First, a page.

Our HR department plays a crucial role in VietJet. Their job is to understand the concerns and desires of VietJet staff in all departments and develop proper solutions and activities accordingly. They must understand what pressure a pilot endures, and be aware of when the IT team needs to enjoy a vacation after working overtime to improve our booking system, for example.
Separately, HR is also in charge of seeking and recruiting new talent as well as improving workplace policies and inspiring employees to enjoy their job. With a limited number of staff, the HR department has to implement a variety of activities and support programmes to optimise our workforce. One of the most vital tasks is recruiting the right personnel for the right departments. When the most appropriate people are found, both the organisation and the staff will enjoy mutual benefits.
What is your overall view of HR as a necessary business function?
The existence and development of each enterprise greatly depends on the best usage of capital, facilities, advanced technology and personnel. Each of these resources are closely interrelated. Resources such as facilities, devices, machines or technology can all be bought or produced – but we cannot “create” people in the same manner. I believe your people are the most important resource of any organisation.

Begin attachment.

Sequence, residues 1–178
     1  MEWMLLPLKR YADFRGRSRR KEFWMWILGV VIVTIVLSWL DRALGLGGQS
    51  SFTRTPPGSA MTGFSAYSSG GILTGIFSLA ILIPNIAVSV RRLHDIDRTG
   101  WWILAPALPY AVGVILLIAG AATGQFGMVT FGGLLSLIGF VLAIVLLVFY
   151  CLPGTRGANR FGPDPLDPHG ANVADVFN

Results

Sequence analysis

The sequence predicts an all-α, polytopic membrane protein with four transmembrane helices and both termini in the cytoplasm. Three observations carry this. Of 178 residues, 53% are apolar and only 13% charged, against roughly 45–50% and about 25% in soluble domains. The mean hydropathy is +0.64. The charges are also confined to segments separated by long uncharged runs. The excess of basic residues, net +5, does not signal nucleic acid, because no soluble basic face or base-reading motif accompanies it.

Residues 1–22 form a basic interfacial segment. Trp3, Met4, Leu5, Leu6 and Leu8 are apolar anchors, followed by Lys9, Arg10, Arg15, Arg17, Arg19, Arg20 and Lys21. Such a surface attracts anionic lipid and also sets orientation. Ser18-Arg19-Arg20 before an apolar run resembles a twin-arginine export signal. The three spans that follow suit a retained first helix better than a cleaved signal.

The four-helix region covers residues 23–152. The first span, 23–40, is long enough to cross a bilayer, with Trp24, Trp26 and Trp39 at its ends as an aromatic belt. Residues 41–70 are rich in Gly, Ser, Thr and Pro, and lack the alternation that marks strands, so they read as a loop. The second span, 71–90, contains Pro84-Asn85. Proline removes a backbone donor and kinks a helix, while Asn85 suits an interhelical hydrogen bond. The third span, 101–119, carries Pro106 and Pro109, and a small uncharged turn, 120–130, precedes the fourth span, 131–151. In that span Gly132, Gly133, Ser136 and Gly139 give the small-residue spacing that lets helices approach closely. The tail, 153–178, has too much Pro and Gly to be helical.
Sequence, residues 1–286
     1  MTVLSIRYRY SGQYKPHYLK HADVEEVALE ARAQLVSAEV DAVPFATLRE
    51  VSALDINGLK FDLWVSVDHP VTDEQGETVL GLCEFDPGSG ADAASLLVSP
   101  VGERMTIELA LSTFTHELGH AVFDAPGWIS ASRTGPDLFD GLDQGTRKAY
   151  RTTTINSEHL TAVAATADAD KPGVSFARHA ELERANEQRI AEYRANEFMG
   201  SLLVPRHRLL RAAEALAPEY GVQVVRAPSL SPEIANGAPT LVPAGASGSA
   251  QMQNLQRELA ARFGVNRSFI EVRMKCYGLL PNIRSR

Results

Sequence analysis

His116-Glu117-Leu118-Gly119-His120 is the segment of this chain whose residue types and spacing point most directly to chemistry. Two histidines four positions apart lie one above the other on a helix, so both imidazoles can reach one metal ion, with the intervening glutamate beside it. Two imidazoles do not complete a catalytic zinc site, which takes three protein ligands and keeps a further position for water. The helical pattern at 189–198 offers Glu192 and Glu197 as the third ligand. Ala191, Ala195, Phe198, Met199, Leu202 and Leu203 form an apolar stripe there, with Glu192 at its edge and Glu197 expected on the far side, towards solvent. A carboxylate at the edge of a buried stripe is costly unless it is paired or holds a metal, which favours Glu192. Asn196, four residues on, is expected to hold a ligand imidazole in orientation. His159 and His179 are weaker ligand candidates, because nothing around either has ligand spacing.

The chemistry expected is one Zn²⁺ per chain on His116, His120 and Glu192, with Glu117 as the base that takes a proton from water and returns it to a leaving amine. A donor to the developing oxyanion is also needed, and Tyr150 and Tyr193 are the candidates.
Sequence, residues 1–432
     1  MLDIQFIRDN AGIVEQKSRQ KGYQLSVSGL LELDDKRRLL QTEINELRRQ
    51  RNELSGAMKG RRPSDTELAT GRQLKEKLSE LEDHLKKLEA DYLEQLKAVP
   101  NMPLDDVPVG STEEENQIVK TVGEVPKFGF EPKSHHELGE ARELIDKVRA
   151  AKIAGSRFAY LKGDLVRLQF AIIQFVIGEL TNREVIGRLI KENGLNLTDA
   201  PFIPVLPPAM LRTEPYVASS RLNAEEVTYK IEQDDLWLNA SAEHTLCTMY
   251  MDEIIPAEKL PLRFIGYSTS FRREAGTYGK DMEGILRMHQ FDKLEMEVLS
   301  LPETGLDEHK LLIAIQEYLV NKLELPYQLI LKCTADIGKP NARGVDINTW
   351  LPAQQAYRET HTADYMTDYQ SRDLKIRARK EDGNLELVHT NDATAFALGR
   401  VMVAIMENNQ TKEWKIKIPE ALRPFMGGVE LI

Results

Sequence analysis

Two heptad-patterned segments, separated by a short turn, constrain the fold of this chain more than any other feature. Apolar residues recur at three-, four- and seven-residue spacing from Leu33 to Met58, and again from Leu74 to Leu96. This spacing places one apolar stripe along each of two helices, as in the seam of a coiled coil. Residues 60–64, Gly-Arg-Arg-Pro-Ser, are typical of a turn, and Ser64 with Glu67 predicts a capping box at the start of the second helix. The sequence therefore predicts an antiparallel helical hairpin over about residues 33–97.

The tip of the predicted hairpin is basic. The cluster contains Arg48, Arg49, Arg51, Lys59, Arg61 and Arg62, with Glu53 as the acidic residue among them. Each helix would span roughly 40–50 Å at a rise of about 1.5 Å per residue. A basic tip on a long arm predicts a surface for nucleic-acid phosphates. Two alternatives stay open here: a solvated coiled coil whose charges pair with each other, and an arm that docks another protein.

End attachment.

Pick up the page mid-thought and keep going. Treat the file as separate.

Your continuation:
What’s the best thing about HR at VietJet?
The HR department (we actually call it the “people department”) is well structured and well organised when it comes to the recruitment, training and development of talent. We launched a training centre in August 2012, which serves both internal and external needs of aviation-related training. All the available courses are in line with the certified standards of the Civil Aviation Authority of Vietnam.
The people department also ensures the organisation employs the right balance of staff in terms of skills and experience, and that training and development opportunities are available to employees to enhance their performance and achieve the employer’s business goals and objectives.
Periodical programmes to commend personnel and give awards to the best employees are also taken into account. We are very proud that VietJet’s training centre earned a certificate of merit from the Ministry of Transport of Vietnam in August 2014. VietJet was also awarded “Top 50 companies to most attract candidates” by Vietnamworks.